By the mid-1980s, numerous other MOSFET sensors had been developed, including the gas sensor FET (GASFET), surface accessible FET (SAFET), charge flow transistor (CFT), pressure sensor FET (PRESSFET), chemical field-effect transistor (ChemFET), reference ISFET (REFET), biosensor FET (BioFET), enzyme-modified FET (ENFET) and immunologically modified FET (IMFET). [7] By the early 2000s, BioFET types such as the DNA field-effect transistor (DNAFET), gene-modified FET (GenFET) and cell-potential BioFET (CPFET) had been developed. [9]

Image sensors

MOS technology is the basis for modern image sensors, including the charge-coupled device (CCD) and the CMOS active-pixel sensor (CMOS sensor), used in digital imaging and digital cameras. [10] Willard Boyle and George E. Smith developed the CCD in 1969. While researching the MOS process, they realized that an electric charge was the analogy of the magnetic bubble and that it could be stored on a tiny MOS capacitor. As it was fairly straighforward to fabricate a series of MOS capacitors in a row, they connected a suitable voltage to them so that the charge could be stepped along from one to the next. [10] The CCD is a semiconductor circuit that was later used in the first digital video cameras for television broadcasting. [11]

The MOS active-pixel sensor (APS) was developed by Tsutomu Nakamura at Olympus in 1985. [12] The CMOS active-pixel sensor was later developed by Eric Fossum and his team in the early 1990s. [13]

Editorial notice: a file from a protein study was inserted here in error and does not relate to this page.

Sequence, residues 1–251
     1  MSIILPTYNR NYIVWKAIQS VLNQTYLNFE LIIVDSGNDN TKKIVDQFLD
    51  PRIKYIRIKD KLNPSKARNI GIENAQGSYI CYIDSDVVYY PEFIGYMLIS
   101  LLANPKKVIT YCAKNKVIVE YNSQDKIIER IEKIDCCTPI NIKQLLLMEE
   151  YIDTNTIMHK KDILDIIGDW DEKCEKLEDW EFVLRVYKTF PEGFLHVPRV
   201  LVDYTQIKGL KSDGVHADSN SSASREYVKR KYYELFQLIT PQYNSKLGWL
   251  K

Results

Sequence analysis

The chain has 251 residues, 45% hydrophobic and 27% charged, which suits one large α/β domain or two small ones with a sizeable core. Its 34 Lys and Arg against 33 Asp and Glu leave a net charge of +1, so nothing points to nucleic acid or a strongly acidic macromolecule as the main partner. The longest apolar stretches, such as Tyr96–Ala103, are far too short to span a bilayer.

MOS image sensors are widely used in optical mouse technology. The first optical mouse, invented by Richard F. Lyon at Xerox in 1980, used a 5 µm NMOS sensor chip. [14] [15] Since the first commercial optical mouse, the IntelliMouse introduced in 1999, most optical mouse devices use CMOS sensors. [16]

Monitoring sensors

Lidar sensor on iPad Pro LiDAR Scanner and Back Camera of iPad Pro 2020 - 3.jpg
Lidar sensor on iPad Pro

MOS monitoring sensors are used for house monitoring, office and agriculture monitoring, traffic monitoring (including car speed, traffic jams, and traffic accidents), weather monitoring (such as for rain, wind, lightning and storms), defense monitoring, and monitoring temperature, humidity, air pollution, fire, health, security and lighting. [18] MOS gas detector sensors are used to detect carbon monoxide, sulfur dioxide, hydrogen sulfide, ammonia, and other gas substances. [19] Other MOS sensors include intelligent sensors [20] and wireless sensor network (WSN) technology. [21]

See also

Related Research Articles

Transistor Solid-state electrically operated switch also used as an amplifier

A transistor is a semiconductor device used to amplify or switch electronic signals and electrical power. It is composed of semiconductor material usually with at least three terminals for connection to an external circuit. A voltage or current applied to one pair of the transistor's terminals controls the current through another pair of terminals. Because the controlled (output) power can be higher than the controlling (input) power, a transistor can amplify a signal. Today, some transistors are packaged individually, but many more are found embedded in integrated circuits.

MOSFET Transistor used for amplifying or switching electronic signals.

The metal–oxide–semiconductor field-effect transistor, also known as the metal–oxide–silicon transistor, is a type of insulated-gate field-effect transistor (IGFET) that is fabricated by the controlled oxidation of a semiconductor, typically silicon. The voltage of the covered gate determines the electrical conductivity of the device; this ability to change conductivity with the amount of applied voltage can be a used for scientific purposes amplifying or switching electronic signals.

Photodiode Converts light into current